Smoking Cessation

General Information
Smoking cessation is good preventive health care. It is particularly important for patients suffering from a select list of health problems. This list includes angina pectoris (heart pain), heart attack, chronic obstructive pulmonary disease (including emphysema and/or chronic bronchitis), stroke, dyspepsia, and osteoporosis. You are never too old to gain a benefit from stopping smoking.

Whether you regard smoking as a habit or an addiction, it is a difficult pattern of behavior to stop. There appear to be powerful biochemical urges that induce the chronic smoker to continue to light up. All approaches to smoking cessation must in one way or another address the problem of controlling these urges. What follows is a list of some methods that have worked. They do not all work for everyone. Discuss with your doctor which option might be the most effective for you.


Cold turkey.

This is the traditional approach. It requires motivation that some people misidentify as will power. Most of the techniques that follow either use some approach to enhance motivation or drugs to mute the urge to smoke.

Tapering off.

This involves gradually limiting the number of cigarettes smoked daily. One effective way to do this is to place limits on where you can smoke. Eliminate cigarettes from your car. Do not smoke at the table. Do not smoke at your desk. This is reenforcible if cigarettes are not available at that location. In fact, the fewer cigarettes that you smoke daily the easier it is to stop cold turkey.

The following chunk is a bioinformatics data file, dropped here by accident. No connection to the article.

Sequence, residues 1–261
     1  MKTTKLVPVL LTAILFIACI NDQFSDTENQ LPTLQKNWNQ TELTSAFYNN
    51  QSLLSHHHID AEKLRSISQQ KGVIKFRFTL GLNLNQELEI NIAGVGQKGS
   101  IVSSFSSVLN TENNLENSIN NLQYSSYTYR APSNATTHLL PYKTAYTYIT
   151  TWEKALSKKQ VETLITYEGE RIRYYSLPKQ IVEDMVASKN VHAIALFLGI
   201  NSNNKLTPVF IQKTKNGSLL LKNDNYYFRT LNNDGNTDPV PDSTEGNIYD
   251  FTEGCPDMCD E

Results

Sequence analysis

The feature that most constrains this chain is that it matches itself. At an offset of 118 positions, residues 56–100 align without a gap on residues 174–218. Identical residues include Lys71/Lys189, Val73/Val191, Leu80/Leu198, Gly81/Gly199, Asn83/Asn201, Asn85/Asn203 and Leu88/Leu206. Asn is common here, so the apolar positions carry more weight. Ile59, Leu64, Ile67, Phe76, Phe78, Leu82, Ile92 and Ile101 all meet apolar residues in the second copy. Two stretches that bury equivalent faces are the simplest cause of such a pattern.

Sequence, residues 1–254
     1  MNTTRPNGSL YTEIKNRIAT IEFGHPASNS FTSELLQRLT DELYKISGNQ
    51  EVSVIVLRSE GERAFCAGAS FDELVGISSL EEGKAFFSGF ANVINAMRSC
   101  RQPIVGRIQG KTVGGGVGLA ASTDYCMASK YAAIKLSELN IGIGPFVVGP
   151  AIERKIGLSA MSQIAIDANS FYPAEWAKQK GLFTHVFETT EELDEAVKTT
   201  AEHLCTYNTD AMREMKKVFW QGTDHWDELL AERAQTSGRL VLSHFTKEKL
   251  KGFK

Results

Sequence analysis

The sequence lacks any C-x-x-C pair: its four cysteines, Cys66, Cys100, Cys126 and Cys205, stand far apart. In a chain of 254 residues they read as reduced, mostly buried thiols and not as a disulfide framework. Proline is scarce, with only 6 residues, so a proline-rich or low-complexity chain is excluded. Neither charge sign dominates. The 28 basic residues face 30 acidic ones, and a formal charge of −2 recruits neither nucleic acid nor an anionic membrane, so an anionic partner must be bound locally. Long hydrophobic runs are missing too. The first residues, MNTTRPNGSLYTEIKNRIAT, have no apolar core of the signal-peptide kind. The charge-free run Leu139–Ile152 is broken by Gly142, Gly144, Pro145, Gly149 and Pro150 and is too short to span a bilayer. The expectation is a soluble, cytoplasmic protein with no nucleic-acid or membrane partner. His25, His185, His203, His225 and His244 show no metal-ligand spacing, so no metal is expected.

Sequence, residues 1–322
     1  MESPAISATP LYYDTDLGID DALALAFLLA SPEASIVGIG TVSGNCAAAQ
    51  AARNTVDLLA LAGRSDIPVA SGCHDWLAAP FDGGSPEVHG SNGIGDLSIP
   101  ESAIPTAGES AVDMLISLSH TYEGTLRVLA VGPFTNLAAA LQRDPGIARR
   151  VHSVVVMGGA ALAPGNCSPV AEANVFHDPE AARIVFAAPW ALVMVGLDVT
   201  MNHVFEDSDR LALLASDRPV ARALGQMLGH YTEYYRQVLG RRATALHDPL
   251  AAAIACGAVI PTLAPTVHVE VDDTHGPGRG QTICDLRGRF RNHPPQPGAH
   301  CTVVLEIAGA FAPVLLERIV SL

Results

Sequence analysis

One element of the urge to light up is a falling blood level of nicotine. Nicotine is a drug. It has harmful effects on its own, but these are limited. The tars and other elements of smoke are of greater harm than the nicotine. Patches provide a slow release of nicotine through the skin. When the blood level of nicotine does not fall precipitously, it blunts the urge to light up. By slowly changing to patches that provide lower and lower doses of nicotine, this becomes a form of tapering off. Nicotine in patch form is not safe for everyone. Consult your physician concerning the use of this cessation aid.


Nicotine-containing chewing gum may be used to keep the blood level of nicotine up, which blunts the urge to light up. It permits (and requires) you to control the timing and dose of nicotine. It is another form of tapering off.


A nicotine-containing inhaler, shaped much like a cigarette holder, is available as an additional method to deliver this drug and in tapering off.


The drug bupropion (Zyban) has been found to be helpful for some people in a program of smoking cessation. How this drug works is not known. It is best used as an adjunct with some form of nicotine replacement. The drug does have side effects and will interact with other medications. It requires a 2- to 3-month course of the drug to be effective. You should consult your physician concerning the safety and possible benefits before attempting to use this drug.

Behavioral modification.

Group sessions are a helpful adjunct to any of the stop smoking program methods. Hypnosis may also be useful for selected individuals.

Notify Our Office If ...

  • You wish to stop smoking or to enter a smoking cessation program.